The Schöners are surprised by the physical similarities of Thyroptera and Kerivoula, although the personalities of the two bats are quite distinct. Kerivoula will eat larger insects and has the bite to match. Thyroptera it seems are a bit easier to work with. After your experiments are done, you can release Thyroptera into a furled leaf and they will just crawl inside and stay. As Caroline puts it, “Thyroptera is more well-behaved.”
The Schöners are tracking the bats’ movements among different leaves in the wild. Do the same bats consistently find new leaves and others follow? Or do all the bats do a search on their own? They are also looking at the bats use of spatial memory when relocating roosts. For this experiment, they work in a flight tent with an array of artificial leaves. The work is fascinating and I’m excited to see the results.
The Schöners take turns tromping around in the forest looking for bats and staying at the field station looking after their 9-month-old, Sophia, who loves fried platanos and has inherited the Schöners’ love of smiling. One similarity between Gloriana and the Schöners is their friendliness and propensity for hearty laughing. The atmosphere at the field station is one of joyful cheer, with everyone trying their best to make Sophie smile. It’s been a great place for a holiday.
Before coming to the Baru field station where I am now, I visited two caves with my wife Michelle, my labmate Nia Toshkova, and our guide: Gloriana’s graduate student Stanimira Deleva, who is studying the variation in use of caves by all different Costa Rican bats. The larger caves was two kilometers long and full of Pteronotus gymnonotus or Pternotus davyi. The smaller cave had Saccopteryx bilineata and Peropteryx kappleri. Nia and Stanimira are old friends, both cavers from Bulgaria. Michelle and I met Stanimira on a caving trip in Panama where I found a new potential site to work with vampire bats.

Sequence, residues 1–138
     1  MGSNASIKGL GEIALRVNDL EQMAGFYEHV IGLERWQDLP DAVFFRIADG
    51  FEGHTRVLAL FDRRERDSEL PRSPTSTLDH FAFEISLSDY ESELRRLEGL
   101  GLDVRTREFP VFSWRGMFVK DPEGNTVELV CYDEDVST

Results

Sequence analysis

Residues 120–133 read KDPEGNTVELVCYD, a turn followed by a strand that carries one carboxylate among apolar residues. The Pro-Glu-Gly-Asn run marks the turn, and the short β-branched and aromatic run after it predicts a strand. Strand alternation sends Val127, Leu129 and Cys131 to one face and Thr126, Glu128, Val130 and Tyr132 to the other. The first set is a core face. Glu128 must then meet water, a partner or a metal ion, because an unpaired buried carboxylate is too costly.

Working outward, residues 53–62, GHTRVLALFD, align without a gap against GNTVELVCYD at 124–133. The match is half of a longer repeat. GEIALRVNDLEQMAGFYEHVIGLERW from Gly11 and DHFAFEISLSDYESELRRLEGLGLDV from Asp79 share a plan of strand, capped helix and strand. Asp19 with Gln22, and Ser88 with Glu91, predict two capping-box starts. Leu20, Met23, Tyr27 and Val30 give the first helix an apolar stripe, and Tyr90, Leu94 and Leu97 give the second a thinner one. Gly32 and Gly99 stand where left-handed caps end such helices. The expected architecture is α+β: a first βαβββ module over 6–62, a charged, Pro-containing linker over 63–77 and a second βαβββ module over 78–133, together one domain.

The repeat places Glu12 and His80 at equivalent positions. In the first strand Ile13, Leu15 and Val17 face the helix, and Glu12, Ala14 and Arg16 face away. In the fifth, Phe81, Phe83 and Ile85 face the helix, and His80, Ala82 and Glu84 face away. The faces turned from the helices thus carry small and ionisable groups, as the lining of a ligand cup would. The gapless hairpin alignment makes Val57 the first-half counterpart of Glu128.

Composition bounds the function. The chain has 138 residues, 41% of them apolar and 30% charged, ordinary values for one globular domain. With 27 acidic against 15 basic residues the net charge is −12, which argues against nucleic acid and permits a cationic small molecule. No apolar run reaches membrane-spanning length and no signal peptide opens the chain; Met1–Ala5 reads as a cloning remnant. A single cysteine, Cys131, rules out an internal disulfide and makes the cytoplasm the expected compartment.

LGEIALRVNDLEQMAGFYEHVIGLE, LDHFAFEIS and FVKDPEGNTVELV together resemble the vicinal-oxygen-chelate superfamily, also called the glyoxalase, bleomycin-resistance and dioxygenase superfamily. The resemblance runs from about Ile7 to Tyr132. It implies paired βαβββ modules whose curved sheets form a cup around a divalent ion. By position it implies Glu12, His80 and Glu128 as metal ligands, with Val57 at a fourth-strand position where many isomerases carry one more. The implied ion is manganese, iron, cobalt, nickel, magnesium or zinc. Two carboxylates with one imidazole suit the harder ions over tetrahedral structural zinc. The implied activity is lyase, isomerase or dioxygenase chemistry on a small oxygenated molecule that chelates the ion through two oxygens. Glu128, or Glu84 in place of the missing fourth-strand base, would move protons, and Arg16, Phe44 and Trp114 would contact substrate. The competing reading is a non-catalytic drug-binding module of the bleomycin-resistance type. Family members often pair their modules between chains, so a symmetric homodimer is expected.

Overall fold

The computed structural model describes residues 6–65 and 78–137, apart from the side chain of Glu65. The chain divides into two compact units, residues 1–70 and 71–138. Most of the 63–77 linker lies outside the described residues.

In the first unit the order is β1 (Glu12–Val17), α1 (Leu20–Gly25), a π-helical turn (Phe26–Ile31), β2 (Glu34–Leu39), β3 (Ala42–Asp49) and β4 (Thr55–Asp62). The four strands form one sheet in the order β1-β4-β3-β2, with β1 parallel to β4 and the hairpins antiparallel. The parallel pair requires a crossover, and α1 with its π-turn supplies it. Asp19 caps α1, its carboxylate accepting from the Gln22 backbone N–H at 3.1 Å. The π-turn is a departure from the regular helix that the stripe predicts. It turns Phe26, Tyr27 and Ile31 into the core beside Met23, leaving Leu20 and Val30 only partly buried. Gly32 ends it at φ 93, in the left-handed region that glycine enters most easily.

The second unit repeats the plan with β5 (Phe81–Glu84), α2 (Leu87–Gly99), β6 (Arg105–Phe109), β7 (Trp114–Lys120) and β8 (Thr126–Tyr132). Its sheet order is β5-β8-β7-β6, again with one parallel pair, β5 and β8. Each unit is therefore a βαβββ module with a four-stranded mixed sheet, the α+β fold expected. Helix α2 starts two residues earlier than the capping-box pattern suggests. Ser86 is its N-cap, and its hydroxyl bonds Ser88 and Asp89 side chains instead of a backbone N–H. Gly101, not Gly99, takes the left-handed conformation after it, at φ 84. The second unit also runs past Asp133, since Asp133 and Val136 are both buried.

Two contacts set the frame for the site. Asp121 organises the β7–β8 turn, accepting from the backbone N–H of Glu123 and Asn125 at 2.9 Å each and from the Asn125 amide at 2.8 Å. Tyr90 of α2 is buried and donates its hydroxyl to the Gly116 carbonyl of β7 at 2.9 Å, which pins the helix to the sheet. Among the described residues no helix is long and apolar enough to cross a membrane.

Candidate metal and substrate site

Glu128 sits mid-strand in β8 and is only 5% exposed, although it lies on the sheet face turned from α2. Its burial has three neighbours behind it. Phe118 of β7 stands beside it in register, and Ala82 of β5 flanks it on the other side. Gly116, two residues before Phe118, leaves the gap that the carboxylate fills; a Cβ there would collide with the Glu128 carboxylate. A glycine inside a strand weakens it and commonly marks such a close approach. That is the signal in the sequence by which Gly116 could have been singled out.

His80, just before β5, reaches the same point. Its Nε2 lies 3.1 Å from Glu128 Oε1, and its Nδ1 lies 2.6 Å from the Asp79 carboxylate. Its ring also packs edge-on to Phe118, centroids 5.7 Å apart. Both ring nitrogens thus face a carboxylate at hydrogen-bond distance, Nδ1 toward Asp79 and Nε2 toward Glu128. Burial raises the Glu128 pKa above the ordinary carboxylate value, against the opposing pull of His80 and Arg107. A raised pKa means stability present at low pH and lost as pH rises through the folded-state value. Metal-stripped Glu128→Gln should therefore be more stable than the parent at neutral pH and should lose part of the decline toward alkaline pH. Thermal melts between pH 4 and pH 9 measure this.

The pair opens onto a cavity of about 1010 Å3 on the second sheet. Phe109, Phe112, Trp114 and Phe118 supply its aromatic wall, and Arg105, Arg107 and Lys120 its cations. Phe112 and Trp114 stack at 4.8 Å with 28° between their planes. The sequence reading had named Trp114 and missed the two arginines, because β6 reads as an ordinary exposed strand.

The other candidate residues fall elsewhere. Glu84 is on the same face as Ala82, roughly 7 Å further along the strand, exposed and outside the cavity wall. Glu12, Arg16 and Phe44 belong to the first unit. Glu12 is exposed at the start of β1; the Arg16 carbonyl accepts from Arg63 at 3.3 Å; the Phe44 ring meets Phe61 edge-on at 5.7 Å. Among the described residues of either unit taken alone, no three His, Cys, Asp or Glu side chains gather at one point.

Here is a video of the Thyroptera being very cute:
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- Buchalski M, Chaverri G, and Vonhof M. 2014. When genes move farther than offspring: gene flow by male gamete dispersal in the highly philopatric bat species Thyroptera tricolor. Molecular Ecology 23:464-480.
- Chaverri G. 2010. Comparative social network analysis in a leaf-roosting bat. Behavioral Ecology and Sociobiology 64:1619-1630.
- Chaverri G, Gillam EH, and Vonhof MJ. 2010. Social calls used by a leaf-roosting bat to signal location. Biology Letters 6:441-444.
- Gillam EH, and Chaverri G. 2012. Strong individual signatures and weaker group signatures in contact calls of Spix’s disc-winged bat, Thyroptera tricolor. Animal Behaviour 83:269-276.
- Chaverri G, Gillam EH, and Kunz TH. 2012. A call-and-response system facilitates group cohesion among disc-winged bats. Behavioral Ecology 24:481-487.
- Chaverri G, and Gillam EH. 2013. Sound amplification by means of a horn-like roosting structure in Spix’s disc-winged bat. Proceedings of the Royal Society B 280:20132362.
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- Schöner MG, Schöner CR, Simon R, Grafe TU, Puechmaille SJ, Ji LL, and Kerth G. 2015. Bats are acoustically attracted to mutualistic carnivorous plants. Current Biology 25:1911-1916.
- Clarke, C. M., Bauer, U., Ch’ien, C. L., Tuen, A. A., Rembold, K., & Moran, J. A. (2009). Tree shrew lavatories: a novel nitrogen sequestration strategy in a tropical pitcher plant. Biology Letters, 5(5), 632-635.
- von Helversen, D., & von Helversen, O. (1999). Acoustic guide in bat-pollinated flower. Nature, 398(6730), 759-760.
- Simon, R., Holderied, M. W., Koch, C. U., & von Helversen, O. (2011). Floral acoustics: conspicuous echoes of a dish-shaped leaf attract bat pollinators. Science, 333(6042), 631-633.